[Australia] Tim Flannery wants you to imagine you’re living in 1915.
“It’s a world of empires that have lasted for centuries, cavalry charges are still used in battle, the tank hasn’t been invented yet.”
The Australian scientist and author goes on.
“By 1950 we’re living in a world of nuclear weapons, jet aircraft and half of the global population is pretty much living under communism – in just 35 years.”
It’s a thought experiment the chair of the Climate Council uses to point out how “genuinely unimaginable” the year 2050 is for us now.
But with the right global approach, Professor Flannery says, it’s a date by which the world could be drawing down around one part per million of atmospheric carbon per year – “a huge outcome that will really start setting us on a trajectory for healing the planet”.
His comments come just days after a Greenpeace report suggested the world could transition to 100 per cent renewable energy by 2050.
Less than three months out from the United Nations’ Paris climate talks, Professor Flannery is speaking on Wednesday at the University of Sydney about the need for the talks to “set the tone for the future”.
The once Australian of the Year and former head of the now defunct Climate Commission said Paris could already be considered a success for “getting us out of the worst-case scenario trajectory” before it has even begun.
“I spent three years of my life chairing a Copenhagen climate council, working with the Danish government and industry to try and get a good outcome,” he said, speaking of the UN Climate Conference of 2009 which ultimately collapsed.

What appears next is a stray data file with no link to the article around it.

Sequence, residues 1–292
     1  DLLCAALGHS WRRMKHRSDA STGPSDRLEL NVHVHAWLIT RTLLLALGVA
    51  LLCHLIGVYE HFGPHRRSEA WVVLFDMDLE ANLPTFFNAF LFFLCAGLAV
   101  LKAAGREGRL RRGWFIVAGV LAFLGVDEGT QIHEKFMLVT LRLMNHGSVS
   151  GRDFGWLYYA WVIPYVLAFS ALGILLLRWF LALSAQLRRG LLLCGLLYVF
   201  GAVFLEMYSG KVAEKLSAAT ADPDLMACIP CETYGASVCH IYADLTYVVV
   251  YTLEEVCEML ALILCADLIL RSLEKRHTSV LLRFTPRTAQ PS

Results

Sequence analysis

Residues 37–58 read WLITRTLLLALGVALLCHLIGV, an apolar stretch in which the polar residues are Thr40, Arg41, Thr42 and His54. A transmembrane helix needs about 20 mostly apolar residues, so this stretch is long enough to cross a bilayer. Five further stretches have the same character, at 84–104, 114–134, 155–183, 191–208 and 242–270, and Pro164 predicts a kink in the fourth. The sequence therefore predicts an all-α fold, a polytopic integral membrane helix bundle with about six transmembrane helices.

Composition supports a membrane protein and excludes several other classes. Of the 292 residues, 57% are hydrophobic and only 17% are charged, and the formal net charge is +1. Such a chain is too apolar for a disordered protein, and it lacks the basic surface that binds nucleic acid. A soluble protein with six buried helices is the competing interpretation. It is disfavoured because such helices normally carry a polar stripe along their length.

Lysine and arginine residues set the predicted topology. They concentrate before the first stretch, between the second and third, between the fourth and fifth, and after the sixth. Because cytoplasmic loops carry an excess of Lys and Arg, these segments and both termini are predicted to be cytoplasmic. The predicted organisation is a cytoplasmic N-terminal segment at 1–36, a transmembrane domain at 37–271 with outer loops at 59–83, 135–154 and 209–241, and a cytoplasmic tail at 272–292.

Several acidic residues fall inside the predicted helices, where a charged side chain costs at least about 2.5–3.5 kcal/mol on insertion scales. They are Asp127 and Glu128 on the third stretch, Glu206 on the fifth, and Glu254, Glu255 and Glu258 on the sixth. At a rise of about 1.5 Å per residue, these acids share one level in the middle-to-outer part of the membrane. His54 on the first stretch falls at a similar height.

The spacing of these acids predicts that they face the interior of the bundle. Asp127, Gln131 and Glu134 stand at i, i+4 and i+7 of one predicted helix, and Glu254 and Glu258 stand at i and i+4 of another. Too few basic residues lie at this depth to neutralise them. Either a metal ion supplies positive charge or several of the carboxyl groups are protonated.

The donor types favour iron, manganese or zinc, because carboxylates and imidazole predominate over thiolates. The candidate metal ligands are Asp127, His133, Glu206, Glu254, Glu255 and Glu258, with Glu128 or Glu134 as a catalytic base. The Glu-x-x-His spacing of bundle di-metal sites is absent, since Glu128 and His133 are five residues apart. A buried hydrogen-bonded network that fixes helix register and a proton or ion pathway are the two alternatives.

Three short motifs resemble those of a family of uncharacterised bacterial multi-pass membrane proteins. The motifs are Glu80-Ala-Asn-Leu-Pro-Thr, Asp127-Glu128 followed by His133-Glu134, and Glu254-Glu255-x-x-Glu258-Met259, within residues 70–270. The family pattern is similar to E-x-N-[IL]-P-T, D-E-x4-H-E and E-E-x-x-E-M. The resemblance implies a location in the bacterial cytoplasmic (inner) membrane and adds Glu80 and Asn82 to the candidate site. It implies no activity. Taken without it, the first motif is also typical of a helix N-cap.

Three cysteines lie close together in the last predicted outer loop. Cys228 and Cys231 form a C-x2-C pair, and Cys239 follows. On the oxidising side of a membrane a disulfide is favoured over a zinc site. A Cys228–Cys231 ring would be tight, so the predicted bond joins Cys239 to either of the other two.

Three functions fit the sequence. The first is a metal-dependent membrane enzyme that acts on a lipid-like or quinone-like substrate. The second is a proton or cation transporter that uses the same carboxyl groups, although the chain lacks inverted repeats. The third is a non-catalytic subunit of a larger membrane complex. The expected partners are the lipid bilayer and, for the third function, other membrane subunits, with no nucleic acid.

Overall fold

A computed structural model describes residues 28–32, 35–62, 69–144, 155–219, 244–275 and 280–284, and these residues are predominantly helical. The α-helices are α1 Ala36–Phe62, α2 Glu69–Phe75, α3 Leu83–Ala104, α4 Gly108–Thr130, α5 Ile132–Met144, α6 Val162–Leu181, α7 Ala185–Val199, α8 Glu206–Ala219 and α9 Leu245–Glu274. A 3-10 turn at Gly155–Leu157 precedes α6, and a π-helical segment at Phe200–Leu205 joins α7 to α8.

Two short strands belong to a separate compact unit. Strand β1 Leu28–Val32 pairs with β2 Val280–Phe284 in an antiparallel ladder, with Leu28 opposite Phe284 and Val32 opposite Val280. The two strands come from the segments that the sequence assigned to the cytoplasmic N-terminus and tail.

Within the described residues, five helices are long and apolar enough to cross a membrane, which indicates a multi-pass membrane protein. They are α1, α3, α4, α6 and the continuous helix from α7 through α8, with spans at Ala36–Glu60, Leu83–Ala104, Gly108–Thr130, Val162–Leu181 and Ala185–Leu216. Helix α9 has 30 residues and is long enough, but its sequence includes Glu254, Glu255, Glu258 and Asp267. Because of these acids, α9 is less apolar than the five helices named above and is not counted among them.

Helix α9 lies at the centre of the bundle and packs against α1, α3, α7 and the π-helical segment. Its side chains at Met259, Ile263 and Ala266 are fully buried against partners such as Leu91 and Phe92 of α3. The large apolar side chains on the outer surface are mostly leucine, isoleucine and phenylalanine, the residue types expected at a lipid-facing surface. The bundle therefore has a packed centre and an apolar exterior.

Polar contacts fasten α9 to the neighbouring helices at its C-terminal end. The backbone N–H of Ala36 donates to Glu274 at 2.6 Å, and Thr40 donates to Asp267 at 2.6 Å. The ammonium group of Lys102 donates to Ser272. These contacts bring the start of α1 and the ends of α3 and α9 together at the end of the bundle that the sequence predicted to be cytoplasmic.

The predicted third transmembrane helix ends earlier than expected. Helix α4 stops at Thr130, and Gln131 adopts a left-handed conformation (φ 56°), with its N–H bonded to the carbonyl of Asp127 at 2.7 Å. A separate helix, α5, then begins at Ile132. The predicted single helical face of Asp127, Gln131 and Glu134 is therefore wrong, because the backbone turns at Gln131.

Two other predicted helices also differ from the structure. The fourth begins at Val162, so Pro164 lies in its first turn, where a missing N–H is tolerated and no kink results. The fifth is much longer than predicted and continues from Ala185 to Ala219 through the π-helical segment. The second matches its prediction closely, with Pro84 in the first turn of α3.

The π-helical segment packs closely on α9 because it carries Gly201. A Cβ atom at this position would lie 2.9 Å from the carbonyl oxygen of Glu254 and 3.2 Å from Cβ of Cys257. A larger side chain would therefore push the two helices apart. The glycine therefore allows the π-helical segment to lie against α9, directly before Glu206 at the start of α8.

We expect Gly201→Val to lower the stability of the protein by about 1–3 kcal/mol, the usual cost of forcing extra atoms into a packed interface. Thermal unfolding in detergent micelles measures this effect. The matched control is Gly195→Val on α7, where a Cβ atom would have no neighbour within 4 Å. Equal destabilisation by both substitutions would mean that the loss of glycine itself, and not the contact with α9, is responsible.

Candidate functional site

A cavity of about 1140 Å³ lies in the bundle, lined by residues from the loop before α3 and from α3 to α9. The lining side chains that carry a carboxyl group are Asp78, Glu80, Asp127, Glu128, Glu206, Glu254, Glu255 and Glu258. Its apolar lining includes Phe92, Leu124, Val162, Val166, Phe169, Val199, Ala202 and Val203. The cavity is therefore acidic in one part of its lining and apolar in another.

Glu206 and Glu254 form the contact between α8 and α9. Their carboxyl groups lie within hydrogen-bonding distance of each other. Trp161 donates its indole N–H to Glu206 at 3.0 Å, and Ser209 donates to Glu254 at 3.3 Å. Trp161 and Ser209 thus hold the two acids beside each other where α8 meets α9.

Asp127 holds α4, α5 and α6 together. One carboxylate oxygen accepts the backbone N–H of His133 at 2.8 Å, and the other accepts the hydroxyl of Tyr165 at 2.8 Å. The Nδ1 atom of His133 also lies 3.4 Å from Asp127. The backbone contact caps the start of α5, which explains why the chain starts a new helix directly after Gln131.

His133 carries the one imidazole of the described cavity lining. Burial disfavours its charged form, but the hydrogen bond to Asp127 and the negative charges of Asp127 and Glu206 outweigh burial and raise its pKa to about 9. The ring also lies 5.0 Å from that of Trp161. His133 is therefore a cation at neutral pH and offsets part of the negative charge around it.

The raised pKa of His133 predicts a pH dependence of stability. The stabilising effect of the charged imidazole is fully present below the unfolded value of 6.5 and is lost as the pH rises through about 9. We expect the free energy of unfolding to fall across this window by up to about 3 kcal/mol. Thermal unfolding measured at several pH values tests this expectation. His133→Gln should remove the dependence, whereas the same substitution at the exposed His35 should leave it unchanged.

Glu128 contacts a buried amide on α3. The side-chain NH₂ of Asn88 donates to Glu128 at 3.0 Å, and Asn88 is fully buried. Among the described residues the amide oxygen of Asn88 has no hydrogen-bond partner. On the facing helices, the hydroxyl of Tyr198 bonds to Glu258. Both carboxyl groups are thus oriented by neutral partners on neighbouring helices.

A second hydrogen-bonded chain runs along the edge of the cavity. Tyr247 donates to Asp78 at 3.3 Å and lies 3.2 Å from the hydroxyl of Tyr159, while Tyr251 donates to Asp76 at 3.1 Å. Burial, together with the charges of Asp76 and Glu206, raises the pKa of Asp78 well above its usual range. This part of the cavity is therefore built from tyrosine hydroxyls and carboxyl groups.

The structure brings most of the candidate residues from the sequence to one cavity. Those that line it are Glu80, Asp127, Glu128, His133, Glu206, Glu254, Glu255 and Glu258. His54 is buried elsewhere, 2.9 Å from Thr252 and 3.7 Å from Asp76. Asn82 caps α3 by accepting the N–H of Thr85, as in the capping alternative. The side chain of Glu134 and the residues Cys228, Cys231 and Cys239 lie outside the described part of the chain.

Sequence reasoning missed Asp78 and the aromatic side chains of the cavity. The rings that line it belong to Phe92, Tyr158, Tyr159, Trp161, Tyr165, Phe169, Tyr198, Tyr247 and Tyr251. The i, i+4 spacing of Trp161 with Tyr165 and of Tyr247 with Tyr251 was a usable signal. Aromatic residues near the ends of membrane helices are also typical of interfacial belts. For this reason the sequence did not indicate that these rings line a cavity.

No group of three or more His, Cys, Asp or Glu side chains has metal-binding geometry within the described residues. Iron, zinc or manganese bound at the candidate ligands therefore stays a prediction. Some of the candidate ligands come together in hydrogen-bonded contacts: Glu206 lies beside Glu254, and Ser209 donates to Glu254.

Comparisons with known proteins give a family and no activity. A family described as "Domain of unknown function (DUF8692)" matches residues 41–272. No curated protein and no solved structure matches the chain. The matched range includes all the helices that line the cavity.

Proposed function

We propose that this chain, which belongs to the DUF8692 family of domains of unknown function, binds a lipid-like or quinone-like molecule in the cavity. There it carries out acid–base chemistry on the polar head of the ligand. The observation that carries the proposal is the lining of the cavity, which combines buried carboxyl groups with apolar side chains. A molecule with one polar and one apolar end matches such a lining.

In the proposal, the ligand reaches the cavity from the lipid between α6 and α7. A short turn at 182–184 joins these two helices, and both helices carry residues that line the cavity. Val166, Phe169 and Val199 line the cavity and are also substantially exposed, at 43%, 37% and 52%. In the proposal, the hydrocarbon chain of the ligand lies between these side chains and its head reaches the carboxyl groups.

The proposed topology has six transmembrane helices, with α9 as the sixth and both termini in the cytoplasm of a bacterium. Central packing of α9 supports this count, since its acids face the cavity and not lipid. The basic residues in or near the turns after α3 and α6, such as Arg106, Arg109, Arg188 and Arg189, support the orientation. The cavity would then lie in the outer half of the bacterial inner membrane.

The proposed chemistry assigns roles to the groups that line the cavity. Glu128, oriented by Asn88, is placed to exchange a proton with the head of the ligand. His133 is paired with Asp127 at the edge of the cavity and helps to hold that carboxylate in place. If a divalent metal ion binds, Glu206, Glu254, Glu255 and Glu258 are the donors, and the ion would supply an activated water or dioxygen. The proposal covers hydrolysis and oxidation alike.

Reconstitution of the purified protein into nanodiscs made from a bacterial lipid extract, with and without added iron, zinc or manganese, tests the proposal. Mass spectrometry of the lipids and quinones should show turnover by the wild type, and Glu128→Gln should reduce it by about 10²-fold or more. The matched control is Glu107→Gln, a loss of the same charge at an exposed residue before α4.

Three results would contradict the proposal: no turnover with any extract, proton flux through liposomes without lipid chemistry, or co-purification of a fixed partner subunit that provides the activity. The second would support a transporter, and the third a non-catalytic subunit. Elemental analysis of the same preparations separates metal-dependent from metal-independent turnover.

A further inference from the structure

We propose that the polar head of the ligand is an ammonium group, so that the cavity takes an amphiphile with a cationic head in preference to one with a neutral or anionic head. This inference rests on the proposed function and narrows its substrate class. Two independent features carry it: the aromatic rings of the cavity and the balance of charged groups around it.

“We saw how that failed due to failures in the political process. That won’t happen at Paris: people are well prepared.”
One of the most important things to be considered in Paris, he said, is shortening the review period for pledges.
Countries currently review pledges every 10 years, “but technology is changing so fast we actually need a five-year review period or something even shorter.”
To Paris, Australia is taking the plan to cut carbon emissions by at least 26 per cent of 2005 levels by 2030.
In his latest book, Professor Flannery introduces new tools that could help avoid a climate catastrophe.
The tools are so new he had to invent a new name for them: “third way” technologies.
He calls them a “third way” because they are distinct from emissions reduction and geo-engineering, the other well-known approaches to tackling climate change.
“There was no name for technologies that draw carbon dioxide out of the air in a way that strengthens earth’s capacity to self-regulate,” he said.
Seaweed farms, used for large-scale CO2 absorption and carbon-negative cement, which captures CO2 over extended periods, are some of the “third way” technologies the world should be exploring, he believes.
“I expect one of the things that will be said at Paris is that I am wrong and that there is a moral hazard in introducing discussion on these technologies at this time, because we need to be focused on emissions reductions,” he said.
“My response is there [may be] a moral hazard in introducing discussion now, but there is also a hazard in not doing it. The longer we leave it to develop these technologies, the less chance we’ll have them operating at scale when we really need them – from, say, 2030 onwards.”
Scientist Tim Flannery is optimistic about the Paris climate talks. Photo: Damien Pleming
View original article at: Paris 2015: Scientist Tim Flannery feels positive ahead of the UN’s climate talks